Trade Abstractions, Not Money

Discussion in 'Psychology' started by zmostatabi, Dec 4, 2005.

  1. Trade Abstractions, Not Money
    This is gorilla drags down more traders than we can count. Never underestimate the emotional power of profits and losses, of making and losing money. Our culture constantly bombards us subtle and not-so subtle messages that suggest that if we’re making money we’re successful and good, and that if we’re losing money we’re losers – we’re bad.

    This psychology so ingrained in all of us, and is so linked to issues of personal self-worth, that most professional traders have had to construct abstract mental trading worlds into which they can figuratively retreat to isolate and protect themselves from this pervasive money/success paradigm. Many big hitters, people who trade in hundred and thousand-lot positions, would surely go crazy if they were not trading in such a self-created abstract mental realm.

    This is why traders such as Tom Baldwin, the kingpin of the bond pit, a man who trades as many as ten or twenty thousand bond contracts a day, say such things as, “I don’t trade for money, I trade tics.” By convincing himself that he’s trading tics [numbers] and not money, he’s trading in the abstract. In doing so, he’s effectively diminishing his susceptibility to the emotional consequences of trading money.

    Do not trade money, trade numbers. Create for yourself an abstract trading world. But be careful not to lose contact with reality – don’t deceive yourself.
    Never place real money you cannot afford to lose within this abstraction; the emotional attachment to money is too strong to gloss over, no matter how hard you try. Trade only money that you can lose - money
  2. lescor


    I've come to believe that this is what seperates the mild and moderately profitable from the very profitable traders.

    It takes work to divorce emotion from money, to break the associations that society ingrains into you. But once you do, it's like peeling a thick layer of hazy plastic off the glasses you've been wearing. All of a sudden you see things clearer and easier and your trading explodes to another level.
  3. i believe its one's relationship with money that is critical. if you have a good relationship with capital, there is no need to trade in the abstract. fake money, real money should be identical--however, a damaged relationship with money caused by parents/circumstances/etc. makes trading very difficult.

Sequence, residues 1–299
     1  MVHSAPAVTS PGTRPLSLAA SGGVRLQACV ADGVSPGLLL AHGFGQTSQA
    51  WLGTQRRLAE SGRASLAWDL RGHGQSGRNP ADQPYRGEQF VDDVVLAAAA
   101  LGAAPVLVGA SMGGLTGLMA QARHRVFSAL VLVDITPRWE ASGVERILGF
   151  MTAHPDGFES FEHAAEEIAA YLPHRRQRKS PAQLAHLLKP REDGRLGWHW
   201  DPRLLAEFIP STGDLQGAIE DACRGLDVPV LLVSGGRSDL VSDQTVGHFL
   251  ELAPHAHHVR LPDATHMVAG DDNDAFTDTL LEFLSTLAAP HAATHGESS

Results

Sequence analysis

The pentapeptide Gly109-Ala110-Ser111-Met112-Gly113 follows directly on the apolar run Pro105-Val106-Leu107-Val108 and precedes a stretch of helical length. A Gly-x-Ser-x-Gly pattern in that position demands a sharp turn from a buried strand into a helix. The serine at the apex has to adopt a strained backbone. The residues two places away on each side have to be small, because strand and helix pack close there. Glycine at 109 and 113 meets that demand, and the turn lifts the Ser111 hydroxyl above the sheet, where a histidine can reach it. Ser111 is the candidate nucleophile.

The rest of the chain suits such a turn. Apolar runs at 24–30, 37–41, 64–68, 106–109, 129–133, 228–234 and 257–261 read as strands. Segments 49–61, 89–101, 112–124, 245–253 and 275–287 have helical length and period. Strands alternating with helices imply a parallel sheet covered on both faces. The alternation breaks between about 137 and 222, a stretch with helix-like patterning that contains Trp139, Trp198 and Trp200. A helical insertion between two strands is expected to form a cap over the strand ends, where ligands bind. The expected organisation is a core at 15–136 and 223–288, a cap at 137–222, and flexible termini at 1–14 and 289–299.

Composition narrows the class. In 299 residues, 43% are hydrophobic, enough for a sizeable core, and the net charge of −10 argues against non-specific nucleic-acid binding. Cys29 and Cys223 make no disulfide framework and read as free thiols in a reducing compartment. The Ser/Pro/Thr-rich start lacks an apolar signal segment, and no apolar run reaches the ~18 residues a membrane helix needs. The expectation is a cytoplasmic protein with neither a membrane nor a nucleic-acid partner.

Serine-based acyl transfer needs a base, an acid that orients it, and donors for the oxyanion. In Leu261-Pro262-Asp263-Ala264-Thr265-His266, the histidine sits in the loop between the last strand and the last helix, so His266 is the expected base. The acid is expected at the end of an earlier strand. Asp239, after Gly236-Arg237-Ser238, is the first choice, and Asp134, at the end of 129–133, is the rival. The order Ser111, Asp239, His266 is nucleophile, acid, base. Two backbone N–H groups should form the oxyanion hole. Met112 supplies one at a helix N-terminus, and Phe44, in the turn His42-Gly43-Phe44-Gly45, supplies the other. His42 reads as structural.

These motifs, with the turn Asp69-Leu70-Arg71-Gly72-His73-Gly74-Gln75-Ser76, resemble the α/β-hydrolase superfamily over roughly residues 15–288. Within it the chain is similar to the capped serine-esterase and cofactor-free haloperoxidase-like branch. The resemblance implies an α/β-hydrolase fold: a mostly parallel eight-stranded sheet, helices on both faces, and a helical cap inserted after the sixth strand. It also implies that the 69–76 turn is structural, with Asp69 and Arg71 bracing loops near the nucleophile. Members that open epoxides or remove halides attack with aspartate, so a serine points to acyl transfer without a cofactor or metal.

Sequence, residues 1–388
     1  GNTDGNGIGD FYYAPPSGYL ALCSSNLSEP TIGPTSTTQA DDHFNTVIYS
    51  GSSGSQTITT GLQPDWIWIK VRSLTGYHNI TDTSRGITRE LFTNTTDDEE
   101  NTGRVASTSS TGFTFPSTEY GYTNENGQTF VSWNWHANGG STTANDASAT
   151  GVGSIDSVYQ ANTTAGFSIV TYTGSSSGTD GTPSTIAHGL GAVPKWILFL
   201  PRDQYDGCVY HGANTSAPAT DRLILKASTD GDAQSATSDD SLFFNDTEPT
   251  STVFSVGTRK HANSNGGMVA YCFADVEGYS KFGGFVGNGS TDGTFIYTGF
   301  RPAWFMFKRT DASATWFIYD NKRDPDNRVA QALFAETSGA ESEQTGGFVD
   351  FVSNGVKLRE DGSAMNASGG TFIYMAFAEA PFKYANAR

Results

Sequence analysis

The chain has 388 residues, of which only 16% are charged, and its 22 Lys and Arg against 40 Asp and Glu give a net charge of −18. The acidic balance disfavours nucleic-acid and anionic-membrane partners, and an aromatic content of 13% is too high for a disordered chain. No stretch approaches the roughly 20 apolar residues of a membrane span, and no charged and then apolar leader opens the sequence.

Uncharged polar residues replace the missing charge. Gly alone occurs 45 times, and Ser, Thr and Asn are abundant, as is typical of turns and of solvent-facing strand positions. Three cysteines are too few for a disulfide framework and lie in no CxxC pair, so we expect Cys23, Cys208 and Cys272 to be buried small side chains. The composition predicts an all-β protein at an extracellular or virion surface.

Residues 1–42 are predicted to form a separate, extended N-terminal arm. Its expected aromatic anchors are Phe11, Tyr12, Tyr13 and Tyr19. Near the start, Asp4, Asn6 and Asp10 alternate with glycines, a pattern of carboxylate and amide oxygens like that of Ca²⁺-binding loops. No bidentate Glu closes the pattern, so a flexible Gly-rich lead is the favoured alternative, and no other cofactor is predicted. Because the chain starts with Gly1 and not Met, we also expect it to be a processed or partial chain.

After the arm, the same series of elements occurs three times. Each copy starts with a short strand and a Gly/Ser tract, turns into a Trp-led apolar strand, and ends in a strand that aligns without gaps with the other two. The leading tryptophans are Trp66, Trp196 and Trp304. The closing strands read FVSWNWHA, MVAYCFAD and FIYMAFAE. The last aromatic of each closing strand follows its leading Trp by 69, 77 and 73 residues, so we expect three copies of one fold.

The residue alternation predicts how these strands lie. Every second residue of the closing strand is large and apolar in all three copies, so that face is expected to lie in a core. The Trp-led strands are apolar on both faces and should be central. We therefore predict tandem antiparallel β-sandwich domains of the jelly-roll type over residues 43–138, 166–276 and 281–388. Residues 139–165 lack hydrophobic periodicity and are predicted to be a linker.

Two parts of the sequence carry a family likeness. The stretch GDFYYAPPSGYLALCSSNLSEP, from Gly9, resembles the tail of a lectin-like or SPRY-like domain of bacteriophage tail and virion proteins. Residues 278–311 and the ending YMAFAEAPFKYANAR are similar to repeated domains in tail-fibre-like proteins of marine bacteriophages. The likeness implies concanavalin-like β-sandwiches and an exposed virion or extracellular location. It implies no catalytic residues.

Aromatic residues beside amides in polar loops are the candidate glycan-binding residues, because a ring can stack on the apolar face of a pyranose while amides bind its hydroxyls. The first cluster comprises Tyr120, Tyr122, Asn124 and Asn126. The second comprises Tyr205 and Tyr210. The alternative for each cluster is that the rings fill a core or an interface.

4. nitro


    It is a little more complicated than that imo.

    The key is not to not care about money [negation intended], but to trade within your risk parameters and style and be completely confortable with it. Trading fearlessly an account that should be traded with 1/10 the margin is [lack of] fear working against you not for you. But once you trade within the size of your account so that the mathematics of the game can't blow you out unless you are exceptionally unlucky, money becomes a recursive mechanism - use money to make money - money then is a kind of machine and the markets become a personal ATM.

    It is however, once you understand how to trade profitably and with the correct risk parameters THE one thing that keeps one moving to the next level. The correct way to get to the next level isn't to remove the fear of losing money, but to acquire a bigger trading account so that losing x + y instead of x doesn't elevate your chance of getting removed from the game and having that ATM machine taken away from you. Notice that fear helps with defense, not offense.

    In other words, fear is a good thing if it keeps you from overtrading and trading too much size for a given account. Most professional traders don't need fear as this kind of aid, because while they still have the ambition to make lots of money, they no longer have the dysfunctional dream of taking $5000 into $1M and trade irresponsibly. We know how to make our $xK a day [fill in the blank] and know that if they want to make $2xK a day they have to trade bigger size and/or more edges and know what that entails.

    When your stomach starts to churn - listen to it. Not only is the position you are in likely to suck, but you are no longer trading with a professional mindset. Exit and reevaluate. This is not fear, this is experience, if you are already profitable.

  5. bighog

    bighog Guest

    Here is one thing i do to eliminate FEAR from trading. First, fear in THIS CASE being the account blowing up from a deviation from the norm, such as an atomic explosion on the GOOGLE campus if i was long the stock. Likely? Not really, possible, yes.

    The year is ending. I take the winnings out of the futures account and start the new year with a certain nut to trade. With that set amount used to trade and no more or no less, the play money is no sweat. Never shoot to gain more money than the Donald can lose in a downturn in the real estate mkt of Manhattan.

    Trading with your edge and "loss management" ideas with a set amount will not put you on the Forbes most rich list, but that is exactly the point....Who cares.......:D

    These days i do not trade for tension, i trade for the best return for the same amount year after year, that is enough challenge.

    Fear is totally gone, if the account blew up, so what...:p
  6. There isn't a single bit about that post that I did not like. Nicely put nitro.

    Didn't Elder state in one of his books that the aim in trading should be to trade well (stick to plan, risk, etc) and not be consumed by the size of profits (at least not initially anyway)? If you trade well and do it consistently, profits will naturally follow.
  7. zmo...grand post!

    Trading for points...not dollars.
  8. I trade ticks, not dollars
    as well.
  9. Cheese


    What chapter is this thread going to be called in your book?